“It is through simple moments we are refreshed”
I hadn’t been to this particular city for quite some time and was a bit apprehensive. I was in New York City to accept the WhyHunger 2012 Harry Chapin Self-Reliance award on behalf of my organization. As I prepared to disembark from the airtrain connecting JFK to my link to the subway, I made a request of my mother, who resides on another plane of our existence. “Mom, you always loved taking the train into Manhattan and catching a play, so you better help me out here”. I was under the impression, growing up, that mom was pretty tight with our maker.
As I came to the subway turnstiles, I saw to my right a bank of automated machines from which I should purchase my subway ticket. I approached one and made my selection. When it came time to pay, the machine refused to cooperate. It was a touchscreen system. Very easy to navigate. I touched “go back”. Nothing. I touched “cancel”. Still nothing. I tried several times and still the screen remained obstinately frozen.
A young man to my right glanced over and offered to help. I explained and demonstrated my situation. He offered to try and selected the appropriate option. It instantly went through!
He asked where I was going. I explained, adding I wasn’t sure which stop I needed to reach the appropriate exit at Penn Station. He said he was going that way and why don’t I just follow him. I should get off at the stop before his.
As we stood on the platform, he told me of his struggle that day to get to the Dominican Republic. I would soon learn his sister had died there a year ago, at the age of 22. His family was having a ceremony to honor her. His day’s story involved a series of odd occurrences that seemed to be designed to keep him in New York, just as he had been kept from her a year previous.
As we embarked on our journey, he indicated I should sit with him and he would make sure I got off at the right time. The trip would be about 45 minutes.
Over the course of the trip, he proceeded to tell me about his sister. He shared that she was 10 years younger and they were inseparable. She couldn’t eat much at one time, so he would feed her a little throughout the day. Food – the great connector. He felt responsible for her. She was attending college in the Dominican and was to have graduated this May. She was a collector of sunglasses and when he heard her ear was severed in the accident, he wondered how she would be able to wear her sunglasses. His sharing of this intimately telling me his heart connected with hers.
Pieces of two lives. Intertwined. Separated.
He didn’t tell me her name and I didn’t think to ask. He showed me pictures of the two of them as young children. Her reputation in the DR was as an activist for water and food rights. He showed me two photos of her in an issue of National Geographic. She was a beautiful young woman and reminded me of Sharbut Gula.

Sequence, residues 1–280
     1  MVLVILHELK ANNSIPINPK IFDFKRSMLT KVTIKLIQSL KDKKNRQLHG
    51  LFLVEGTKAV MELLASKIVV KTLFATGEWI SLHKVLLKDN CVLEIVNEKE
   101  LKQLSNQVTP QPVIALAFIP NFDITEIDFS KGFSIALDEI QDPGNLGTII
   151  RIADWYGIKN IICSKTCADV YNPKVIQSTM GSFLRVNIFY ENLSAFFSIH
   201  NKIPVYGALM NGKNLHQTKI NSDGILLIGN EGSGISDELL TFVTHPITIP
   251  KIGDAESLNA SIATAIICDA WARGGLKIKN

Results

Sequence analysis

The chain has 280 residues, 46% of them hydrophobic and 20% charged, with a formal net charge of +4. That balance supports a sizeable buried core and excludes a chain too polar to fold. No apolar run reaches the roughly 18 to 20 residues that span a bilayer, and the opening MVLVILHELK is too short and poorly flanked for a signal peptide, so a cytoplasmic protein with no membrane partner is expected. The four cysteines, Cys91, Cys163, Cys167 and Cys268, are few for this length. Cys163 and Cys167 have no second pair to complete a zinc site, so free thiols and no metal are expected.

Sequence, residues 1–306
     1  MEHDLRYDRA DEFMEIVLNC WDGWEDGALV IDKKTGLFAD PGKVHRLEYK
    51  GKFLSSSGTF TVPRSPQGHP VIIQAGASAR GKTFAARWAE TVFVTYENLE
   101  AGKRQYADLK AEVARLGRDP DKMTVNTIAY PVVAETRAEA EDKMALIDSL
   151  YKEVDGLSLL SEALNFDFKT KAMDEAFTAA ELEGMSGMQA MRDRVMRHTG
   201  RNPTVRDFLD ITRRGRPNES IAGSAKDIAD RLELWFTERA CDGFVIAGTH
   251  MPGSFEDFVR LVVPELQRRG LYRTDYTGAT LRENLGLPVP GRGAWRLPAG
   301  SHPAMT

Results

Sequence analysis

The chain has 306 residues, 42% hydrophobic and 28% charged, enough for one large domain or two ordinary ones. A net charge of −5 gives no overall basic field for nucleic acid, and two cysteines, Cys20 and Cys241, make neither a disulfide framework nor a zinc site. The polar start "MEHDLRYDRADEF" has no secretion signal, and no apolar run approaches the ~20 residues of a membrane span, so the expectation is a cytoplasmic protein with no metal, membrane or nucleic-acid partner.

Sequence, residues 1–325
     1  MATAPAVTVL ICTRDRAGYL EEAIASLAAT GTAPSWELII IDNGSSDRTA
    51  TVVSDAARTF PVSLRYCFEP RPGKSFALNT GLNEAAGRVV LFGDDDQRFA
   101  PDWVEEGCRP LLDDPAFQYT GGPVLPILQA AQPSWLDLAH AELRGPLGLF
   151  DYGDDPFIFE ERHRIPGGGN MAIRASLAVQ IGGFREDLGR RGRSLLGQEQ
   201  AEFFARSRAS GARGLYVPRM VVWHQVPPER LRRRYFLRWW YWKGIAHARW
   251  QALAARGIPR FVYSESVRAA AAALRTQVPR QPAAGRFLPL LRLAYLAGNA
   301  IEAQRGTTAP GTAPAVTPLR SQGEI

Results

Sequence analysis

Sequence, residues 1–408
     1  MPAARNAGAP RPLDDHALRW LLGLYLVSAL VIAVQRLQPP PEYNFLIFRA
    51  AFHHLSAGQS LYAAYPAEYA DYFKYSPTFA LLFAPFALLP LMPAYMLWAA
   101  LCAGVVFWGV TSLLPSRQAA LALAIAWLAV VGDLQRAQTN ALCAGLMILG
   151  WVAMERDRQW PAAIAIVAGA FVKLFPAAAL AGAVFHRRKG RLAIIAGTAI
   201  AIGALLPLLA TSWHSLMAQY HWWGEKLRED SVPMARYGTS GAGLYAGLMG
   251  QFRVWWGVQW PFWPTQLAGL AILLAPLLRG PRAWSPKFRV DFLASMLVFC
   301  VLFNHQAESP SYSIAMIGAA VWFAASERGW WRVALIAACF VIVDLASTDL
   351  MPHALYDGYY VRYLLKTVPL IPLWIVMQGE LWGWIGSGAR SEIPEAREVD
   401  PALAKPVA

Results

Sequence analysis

He related that their parents had not allowed her to have a vehicle in the DR. On this occasion, her mother relented, and allowed her to borrow their jeep to attend a party. At 10:30, his mother called her and urged her to head home. She had a “feeling” he said. “You know, you mothers”, he remarked to me, “have these feelings.” (I hadn’t said a word about being a mother, but I am, and I do.) His sister said she would be leaving soon. At 11:30, his mother called again. The voice on the other end said there had been a bad accident, but they didn’t know who had been involved. His mother did.
His sister was in intensive care for 8 days. She had numerous surgeries and was in an induced coma. Stuck in Brazil, he was unable to get a flight to her before she died. “Again today”, he says to me, “it is like a year ago.” Why, he asked?
He told me he is an accountant, but not at the moment, working. He lives on 42nd Street. “It isn’t like it was before,” he tells me. “It is cleaned up”. (I wondered at the time why he would say that to me, as if knowing I was acquainted with its history.) He has traveled extensively all over the world.
I want to express that I felt nothing more than “comfortable”. I had a sense of his being “all people”. No particular nationality or religion. That is the best I can say.
To answer his question of “why”, I told him sometimes a story is not about us. It is about another person and their journey. Or the story is not for today, it is for the future. Perhaps connecting the past with the present. I related to him that I had asked for my mother’s help and suggested his sister is with him, watching over him and using him for good things. That I believed she no doubt “told him” there was a woman in the subway that needed his help. I related that I believe our stories do not end with our earthly journey, but that we continue with new journeys – each one comprised of various chapters.
His sister was an artist and writer, along with her talents of fighting for social justice. And he showed me the tattoo of her art work he wore on his wrist and the words “101 razones para…” It was short for a piece she had written – 101 Reasons to Cry, 101 Reasons to Smile.
At best, I can only describe my encounter with this young man, as spiritual. He accepted my explanation without question and complete understanding. His story finished exactly as his stop arrived. That is to say, he got off one stop before mine, saying he had made a mistake and that I was to get off at the next stop. He disembarked and as he did, I noted I could no longer see him. As if he hadn’t existed.
Interestingly, like his sister, I am a food activist. I love sunglasses and have many pairs. I write.
Is this story about me? Reinforcing my spiritual beliefs? Was our meeting about him and filling his need of not being alone at that particular moment? Was he my guardian angel? Or was I his?
It no longer matters. A met need. Today I felt compelled to tell my story.
My companion’s name? Ivan. Gift from God.